In Oct., 1999, Prime Minister Nawaz Sharif attempted to remove Musharraf by refusing his returning flight landing rights in Pakistan. The move led to a coup by Musharraf, who became chief executive; he appointed himself president 20 months later. A controversial referendum in 2002 extended his rule for five years. Musharraf was reelected in 2007, but his right to run while still army chief was challenged; before the supreme court could rule, he suspended the constitution, declared emergency rule, and dismissed the court members who seemed likely to rule against him. After the challenges were dismissed, he resigned (Nov., 2007) as army chief.
The subsequent election victory (Feb., 2008) by opposition parties and the establishment of an opposition coalition government undermined his position, and after the coalition, at the instigation of Sharif, moved to impeach him, he resigned from office (Aug., 2008). A declared supporter of a democratic, nonfundamentalist Islamic Pakistan and a supporter as well of the U.S. war on terror, Musharraf twice was the target of assassination attempts while president. After resigning, he went into self-imposed exile in 2009 and did not return to Pakistan until 2013; he was then disqualified from running for office. He subsequently was charged with treason and in connection with Benazir Bhutto's assassination and other deaths and actions. He left Pakistan in 2016, alledgedly for medical treatment, after his travel restrictions were lifted. He was acquitted (2016) in a case involving the 2006 killing of a Baluch rebel leader and declared (2017) a fugitive in the Bhutto case. In 2019 he was convicted in absentia of treason and sentenced to death for imposing emergency rule in 2007, but that verdict was overturned.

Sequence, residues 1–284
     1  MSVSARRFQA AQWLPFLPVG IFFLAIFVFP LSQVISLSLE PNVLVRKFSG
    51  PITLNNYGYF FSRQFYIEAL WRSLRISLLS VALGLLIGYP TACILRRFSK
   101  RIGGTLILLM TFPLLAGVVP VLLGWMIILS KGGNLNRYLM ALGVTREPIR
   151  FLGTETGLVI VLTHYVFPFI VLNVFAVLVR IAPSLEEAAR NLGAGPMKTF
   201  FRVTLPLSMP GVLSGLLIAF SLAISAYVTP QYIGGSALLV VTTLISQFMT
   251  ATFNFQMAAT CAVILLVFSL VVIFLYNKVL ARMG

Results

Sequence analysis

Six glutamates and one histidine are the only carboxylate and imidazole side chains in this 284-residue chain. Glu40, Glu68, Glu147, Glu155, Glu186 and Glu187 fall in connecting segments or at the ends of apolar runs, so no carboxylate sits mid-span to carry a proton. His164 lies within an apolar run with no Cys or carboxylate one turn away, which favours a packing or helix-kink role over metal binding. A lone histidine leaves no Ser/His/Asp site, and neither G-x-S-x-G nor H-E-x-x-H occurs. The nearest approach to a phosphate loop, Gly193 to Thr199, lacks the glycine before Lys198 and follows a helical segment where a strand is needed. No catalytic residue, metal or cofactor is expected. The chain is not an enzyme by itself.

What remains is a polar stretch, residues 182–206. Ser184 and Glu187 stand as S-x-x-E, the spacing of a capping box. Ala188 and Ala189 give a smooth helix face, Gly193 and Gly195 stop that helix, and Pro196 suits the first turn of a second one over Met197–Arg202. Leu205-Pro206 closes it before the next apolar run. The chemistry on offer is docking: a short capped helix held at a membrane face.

See his memoirs (2006).
The Columbia Electronic Encyclopedia, 6th ed. Copyright 2012, Columbia University Press. All rights reserved.
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